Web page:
Eurosceptic rebel Jean-Luc Mélenchon has seen a sudden surge in support
Scandal-hit Francois Fillon is also making a surprise resurgence in the polls as campaigning reaches its last week.
Far-right leader Marine Le Pen and independent centrist Emmanuel Macron are clinging on to their position as front-runners in France’s topsy-turvy presidential race, but their comfortable lead could be undermined by the sudden surge in support for anti-establishment rebel Jean-Luc Mélenchon and the recent resurgence in polls of scandal-hit François Fillon.
In an Ifop-Fiducial poll for Paris Match, Cnews and Sud Radio, published on Thursday, Mrs Le Pen, the leader of the fiercely anti-Europe Front National party, was seen garnering 23.5 per cent of the first-round vote, whilst independent centrist Mr Macron, a 39-year-old former economy minister, would garner 22.5 per cent.
Hot on the frontrunners’ heels with 19 per cent of first-round votes each are Mr Fillon, a hardline conservative who has promised to enact a string of radical economic reforms, and Mr Mélenchon, a Communist-backed candidate who wants France to pull out of its EU treaties.
Francois Fillon has also made a surprise resurgence in the polls
Although the poll gives Mrs Le Pen a clear lead in the first round of voting on April 23, it shows her losing the final round runoff on May 7 to Mr Macron, who would win 58.5 per cent of the vote to her 41.5 per cent.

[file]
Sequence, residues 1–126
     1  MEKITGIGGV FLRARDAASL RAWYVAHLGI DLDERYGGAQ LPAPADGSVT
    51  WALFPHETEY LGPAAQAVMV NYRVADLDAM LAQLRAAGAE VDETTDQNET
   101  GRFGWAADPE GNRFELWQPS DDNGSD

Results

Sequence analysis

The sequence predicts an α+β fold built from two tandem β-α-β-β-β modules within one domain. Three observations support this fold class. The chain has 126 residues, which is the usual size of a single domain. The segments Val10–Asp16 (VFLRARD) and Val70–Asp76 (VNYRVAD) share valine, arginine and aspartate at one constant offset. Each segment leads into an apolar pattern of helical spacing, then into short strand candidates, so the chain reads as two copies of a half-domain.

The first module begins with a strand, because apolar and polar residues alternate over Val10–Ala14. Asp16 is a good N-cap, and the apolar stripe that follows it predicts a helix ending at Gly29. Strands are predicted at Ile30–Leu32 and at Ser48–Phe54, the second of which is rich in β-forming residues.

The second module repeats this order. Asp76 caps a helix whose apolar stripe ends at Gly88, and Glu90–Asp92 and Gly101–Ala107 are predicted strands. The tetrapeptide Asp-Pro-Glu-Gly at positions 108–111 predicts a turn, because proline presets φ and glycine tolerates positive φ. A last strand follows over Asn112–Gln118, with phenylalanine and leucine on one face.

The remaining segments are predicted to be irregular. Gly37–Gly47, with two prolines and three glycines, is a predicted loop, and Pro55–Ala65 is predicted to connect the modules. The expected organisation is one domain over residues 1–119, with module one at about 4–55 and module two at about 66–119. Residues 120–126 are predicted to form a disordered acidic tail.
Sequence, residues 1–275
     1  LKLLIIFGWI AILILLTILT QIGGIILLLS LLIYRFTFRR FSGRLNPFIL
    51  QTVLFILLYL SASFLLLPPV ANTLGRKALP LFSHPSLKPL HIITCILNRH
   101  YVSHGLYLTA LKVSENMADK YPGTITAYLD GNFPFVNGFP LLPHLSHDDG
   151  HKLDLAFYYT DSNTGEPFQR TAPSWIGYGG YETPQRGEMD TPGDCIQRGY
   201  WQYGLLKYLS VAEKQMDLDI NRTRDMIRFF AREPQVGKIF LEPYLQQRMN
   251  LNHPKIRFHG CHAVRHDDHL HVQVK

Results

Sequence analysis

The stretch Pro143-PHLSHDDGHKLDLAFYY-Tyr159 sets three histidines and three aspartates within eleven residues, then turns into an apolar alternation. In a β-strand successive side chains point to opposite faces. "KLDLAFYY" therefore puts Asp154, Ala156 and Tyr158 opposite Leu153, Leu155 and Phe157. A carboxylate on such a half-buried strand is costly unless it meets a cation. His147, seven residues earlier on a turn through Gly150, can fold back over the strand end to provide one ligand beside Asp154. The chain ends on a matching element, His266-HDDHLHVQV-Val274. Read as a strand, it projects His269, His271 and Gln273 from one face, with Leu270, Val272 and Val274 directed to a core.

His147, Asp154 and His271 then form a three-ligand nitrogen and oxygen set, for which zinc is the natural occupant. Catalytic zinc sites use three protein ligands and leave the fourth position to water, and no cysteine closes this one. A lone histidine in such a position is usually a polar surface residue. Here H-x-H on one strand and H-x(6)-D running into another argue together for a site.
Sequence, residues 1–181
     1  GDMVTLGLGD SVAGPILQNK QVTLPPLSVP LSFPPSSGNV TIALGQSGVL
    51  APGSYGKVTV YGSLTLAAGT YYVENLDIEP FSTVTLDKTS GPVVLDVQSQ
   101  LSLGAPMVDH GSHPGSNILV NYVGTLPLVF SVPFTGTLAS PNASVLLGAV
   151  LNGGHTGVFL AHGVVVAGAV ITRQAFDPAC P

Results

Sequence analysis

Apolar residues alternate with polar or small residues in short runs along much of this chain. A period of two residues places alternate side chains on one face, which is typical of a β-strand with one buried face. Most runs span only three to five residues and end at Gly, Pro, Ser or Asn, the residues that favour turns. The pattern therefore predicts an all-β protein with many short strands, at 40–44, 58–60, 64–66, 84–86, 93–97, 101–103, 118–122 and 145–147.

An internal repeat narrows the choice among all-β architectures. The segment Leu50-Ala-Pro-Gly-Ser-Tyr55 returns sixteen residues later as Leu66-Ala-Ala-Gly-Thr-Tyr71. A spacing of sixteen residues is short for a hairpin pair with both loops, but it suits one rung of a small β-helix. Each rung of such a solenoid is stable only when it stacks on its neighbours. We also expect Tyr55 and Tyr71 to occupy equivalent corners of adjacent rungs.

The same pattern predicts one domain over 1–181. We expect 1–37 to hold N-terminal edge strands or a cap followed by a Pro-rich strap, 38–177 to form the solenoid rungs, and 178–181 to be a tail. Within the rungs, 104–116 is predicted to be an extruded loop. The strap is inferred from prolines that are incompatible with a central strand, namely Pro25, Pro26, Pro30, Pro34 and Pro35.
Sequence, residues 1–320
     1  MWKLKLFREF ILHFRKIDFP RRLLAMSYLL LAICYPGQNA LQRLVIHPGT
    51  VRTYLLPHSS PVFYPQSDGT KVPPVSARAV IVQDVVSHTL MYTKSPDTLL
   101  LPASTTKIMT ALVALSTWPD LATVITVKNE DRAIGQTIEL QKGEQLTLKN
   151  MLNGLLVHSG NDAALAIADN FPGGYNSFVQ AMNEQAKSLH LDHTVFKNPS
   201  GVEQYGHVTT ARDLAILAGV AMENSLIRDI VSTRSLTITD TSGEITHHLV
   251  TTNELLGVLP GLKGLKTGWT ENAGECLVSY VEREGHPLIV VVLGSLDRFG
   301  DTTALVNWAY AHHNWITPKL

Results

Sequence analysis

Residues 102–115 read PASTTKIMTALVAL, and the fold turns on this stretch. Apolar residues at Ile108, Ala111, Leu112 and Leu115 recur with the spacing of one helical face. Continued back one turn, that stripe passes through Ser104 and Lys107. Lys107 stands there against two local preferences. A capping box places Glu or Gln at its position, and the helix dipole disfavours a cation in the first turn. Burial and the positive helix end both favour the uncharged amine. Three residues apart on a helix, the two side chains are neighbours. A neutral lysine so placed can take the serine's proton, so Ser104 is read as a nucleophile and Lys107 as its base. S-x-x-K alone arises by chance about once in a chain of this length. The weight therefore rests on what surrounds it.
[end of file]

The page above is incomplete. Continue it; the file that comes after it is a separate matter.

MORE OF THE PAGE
Emotions are running high, and the polls show that voters are angry
The results chimed with those of another poll by Harris Interactive-Indeed published on Thursday, which also showed Mrs Le Pen and Mr Macron qualifying for the May runoff round: the anti-Brussels leader would garner 22 per cent of the vote and her centrist rival 24 per cent.
But the poll also showed the two runner-ups closing the gap with their opponents: Mr Fillon is expected to garner 20 per cent of the vote and Mr Mélenchon 19 per cent.
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Marine Le Pen and Emmanuel Macron are clinging to their positions as front-runners
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Mr Macron is, however, still expected to beat Mrs Le Pen with 67 per cent of the final-round vote to her 33 per cent.
Mr Mélenchon’s momentum and Mr Macron’s stagnation was confirmed by a third poll by Elabe on Thursday which showed president François Hollande’s former protégé Mr Macron garner 23.5 per cent of the vote in the first round of voting and the far-left veteran 18.5 per cent.
Mrs Le Pen is still expected to breeze through to the final round of voting with 22 per cent of the vote, closely followed by Mr Fillon, who is breathing down her neck with 20 per cent of first-round votes.
The Elabe poll also showed Mrs Le Pen and Mr Fillon have the most loyal support base: 89 per cent of Le Pen voters said they were sure of their choice, as did 71 per cent of Fillon voters.
In an Ifop-Fiducial poll, Mrs Le Pen was seen garnering 23.5 per cent of the first-round vote
Only 68 per cent of centrist voters said that they would be voting for Mr Macron, although the poll showed him winning the decisive final round with 65 per cent of the vote.
Mr Fillon, a former presidential favourite whose legal woes have derailed his campaign and jeopardised his chances of winning the presidency, said on Thursday he did not think two eurosceptic candidates – Mrs Le Pen and Mr Mélenchon – would make it through to the final round of voting in May.
Mr Fillon, who denies hiring his wife Penelope for a bogus job at the expense of the taxpayer, told the French news channel BFM TV: “I don’t believe in polls. I don’t believe for one moment that 50 to 60 per cent of French voters are either revolutionaries, communists or far-right sympathisers.
“Emotions are running high, and the polls show that voters are angry."